Otherworld begins a unique conversation about artificial intelligence, and what it could be someday. Segel and Miller create VR filled with AI that is so advanced, it’s nearly human. These entities exist only in Otherworld, but they have their own wants, and needs, and experience their own pain. This brings up so many questions about AI and what is ethical, concepts of God-like creation, and what existing truly means. Are these entities “alive,” does Otherworld belong to them? They live and breathe and breed in this world – does that not make Otherworld their own reality? And who decides? This concept, and these questions, is really what make Otherworld different from other videogame stories. Segel and Miller take VR to a new level and spark some deep and difficult ideas.

Throughout there is some really good action. The story builds and ends with a few realizations, gun fights and fleeing, and ends on enough of a cliffhanger to set up sequels. A few loose ends are left dangling – who runs the Company? How can they be stopped? After some of the breakthroughs with the technology, are they not just more invested in their goal now? And how far are they willing to go to reach them? Segel and Miller definitely pique an interest in reading further.

With any VR story, the world building is extremely important. Segel and Miller do a decent job of creating and describing Otherworld. We have to understand various aspects of the VR in order to follow our main characters through the world and understand all the creatures they come in contact with. Unfortunately, they do a lot of bouncing around in Otherworld; it becomes a bit hard to keep up. At times it’s difficult to understand where the characters are, who is in charge of the territory they are in (these are entities that naturally exist in Otherworld – the Children and the Elementals), what vice the territory provides (each seems to speak to a vice that people cannot partake in in reality – sex, drugs, gluttony, murder, etc.), and how they got there/how they move on. Though many things within Otherworld are fleshed out, many more questions exist. Some of the stops in each territory are long and detailed – we understand why our characters are here and what they will get out of the journey – others are short and feel thrown in without much thought which really hurts the flow of the story.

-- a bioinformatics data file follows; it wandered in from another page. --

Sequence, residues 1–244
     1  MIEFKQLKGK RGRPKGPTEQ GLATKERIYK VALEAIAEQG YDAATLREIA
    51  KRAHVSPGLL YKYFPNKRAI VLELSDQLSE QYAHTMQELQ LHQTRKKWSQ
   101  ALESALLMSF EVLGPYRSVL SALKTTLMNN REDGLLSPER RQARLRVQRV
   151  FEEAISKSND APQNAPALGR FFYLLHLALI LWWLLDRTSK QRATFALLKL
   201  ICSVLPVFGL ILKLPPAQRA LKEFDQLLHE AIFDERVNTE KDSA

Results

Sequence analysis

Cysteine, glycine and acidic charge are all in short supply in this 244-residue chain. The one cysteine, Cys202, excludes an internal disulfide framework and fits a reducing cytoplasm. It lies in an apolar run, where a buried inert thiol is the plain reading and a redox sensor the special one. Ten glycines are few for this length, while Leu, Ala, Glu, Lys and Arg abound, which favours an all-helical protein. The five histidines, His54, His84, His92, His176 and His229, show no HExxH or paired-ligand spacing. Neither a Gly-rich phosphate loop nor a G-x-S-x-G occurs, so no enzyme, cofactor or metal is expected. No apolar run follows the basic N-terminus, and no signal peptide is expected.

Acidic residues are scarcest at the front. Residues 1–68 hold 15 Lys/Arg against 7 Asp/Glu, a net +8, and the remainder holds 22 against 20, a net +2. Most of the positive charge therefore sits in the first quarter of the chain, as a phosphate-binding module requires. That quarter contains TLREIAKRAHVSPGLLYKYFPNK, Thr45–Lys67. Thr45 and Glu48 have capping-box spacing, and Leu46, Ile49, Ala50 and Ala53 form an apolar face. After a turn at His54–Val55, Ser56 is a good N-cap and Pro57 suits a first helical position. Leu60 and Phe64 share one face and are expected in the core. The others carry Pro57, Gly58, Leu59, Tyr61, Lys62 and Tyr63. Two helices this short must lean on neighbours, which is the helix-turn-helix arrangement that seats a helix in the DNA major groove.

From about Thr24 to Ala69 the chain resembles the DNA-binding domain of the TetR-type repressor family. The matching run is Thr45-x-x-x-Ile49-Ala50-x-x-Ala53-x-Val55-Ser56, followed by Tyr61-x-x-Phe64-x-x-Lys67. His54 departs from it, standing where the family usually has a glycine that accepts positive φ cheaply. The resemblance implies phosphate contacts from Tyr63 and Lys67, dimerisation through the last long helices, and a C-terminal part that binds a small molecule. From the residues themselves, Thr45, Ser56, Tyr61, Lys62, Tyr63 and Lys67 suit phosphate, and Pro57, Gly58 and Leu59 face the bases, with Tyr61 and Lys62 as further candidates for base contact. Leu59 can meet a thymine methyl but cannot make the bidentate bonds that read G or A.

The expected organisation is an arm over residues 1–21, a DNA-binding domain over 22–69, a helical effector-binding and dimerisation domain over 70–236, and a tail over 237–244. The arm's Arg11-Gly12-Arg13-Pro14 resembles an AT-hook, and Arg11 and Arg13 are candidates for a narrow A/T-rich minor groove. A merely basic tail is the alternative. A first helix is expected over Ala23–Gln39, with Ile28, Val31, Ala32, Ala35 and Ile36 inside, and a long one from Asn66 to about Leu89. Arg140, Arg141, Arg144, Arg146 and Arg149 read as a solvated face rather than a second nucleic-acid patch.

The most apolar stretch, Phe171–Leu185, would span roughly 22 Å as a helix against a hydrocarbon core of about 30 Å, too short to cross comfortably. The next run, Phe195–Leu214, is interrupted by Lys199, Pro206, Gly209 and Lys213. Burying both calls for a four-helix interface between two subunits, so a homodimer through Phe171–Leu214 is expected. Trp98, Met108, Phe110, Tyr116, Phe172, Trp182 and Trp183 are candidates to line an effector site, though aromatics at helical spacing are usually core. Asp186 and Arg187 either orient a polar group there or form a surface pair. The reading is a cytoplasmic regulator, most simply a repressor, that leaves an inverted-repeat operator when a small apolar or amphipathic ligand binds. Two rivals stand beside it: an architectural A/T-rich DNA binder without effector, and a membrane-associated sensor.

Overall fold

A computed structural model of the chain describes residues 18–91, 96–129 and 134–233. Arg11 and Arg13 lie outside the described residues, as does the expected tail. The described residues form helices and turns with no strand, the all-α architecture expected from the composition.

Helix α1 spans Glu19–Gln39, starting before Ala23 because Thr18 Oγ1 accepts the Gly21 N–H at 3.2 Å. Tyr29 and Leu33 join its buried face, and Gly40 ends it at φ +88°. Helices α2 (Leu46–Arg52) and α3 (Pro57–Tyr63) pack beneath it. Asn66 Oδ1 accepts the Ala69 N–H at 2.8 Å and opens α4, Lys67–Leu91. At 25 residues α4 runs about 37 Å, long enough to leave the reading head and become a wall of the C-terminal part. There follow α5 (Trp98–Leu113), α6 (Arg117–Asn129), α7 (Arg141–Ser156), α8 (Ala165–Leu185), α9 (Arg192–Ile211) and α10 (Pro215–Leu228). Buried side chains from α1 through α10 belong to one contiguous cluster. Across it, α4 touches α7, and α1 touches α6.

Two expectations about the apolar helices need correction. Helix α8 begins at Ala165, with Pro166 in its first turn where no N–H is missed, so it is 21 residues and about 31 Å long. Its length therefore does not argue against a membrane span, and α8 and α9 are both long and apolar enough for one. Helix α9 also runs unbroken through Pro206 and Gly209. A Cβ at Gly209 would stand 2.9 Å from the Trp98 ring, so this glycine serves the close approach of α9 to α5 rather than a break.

Overall, I think the time and attention to detail in a VR universe was successful, the characters were interesting and had a report that kept the story moving through dialogue and action, and the concepts surrounding AI were fascinating and left me asking even bigger and deeper questions. Otherworld is a strong start to this series.

*Please note the sarcasm.

My rating: 4 out of 5 stars.

Cover art from Amazon.com

**I received this book from Blogging for Books for this review.

 

The Invisible Library

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Review #37 Fiction

Blogging for Books #11

The Invisible Library by Genevieve Cogman

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The premise of this book had me from the get go. It just jumped out as something that encompassed so many of the things I enjoy about reading: fantasy, adventure, literature, mystery, romance, escapism. And all of those things come through in Genevieve Cogman’s first installment of the Invisible Library novels. If you enjoy Jasper Fforde’s Thursday Next series, The Librarian/ The Librarians, or V. E. Schwab’s Shades of Magic series, you will be pulled headfirst into Cogman’s world.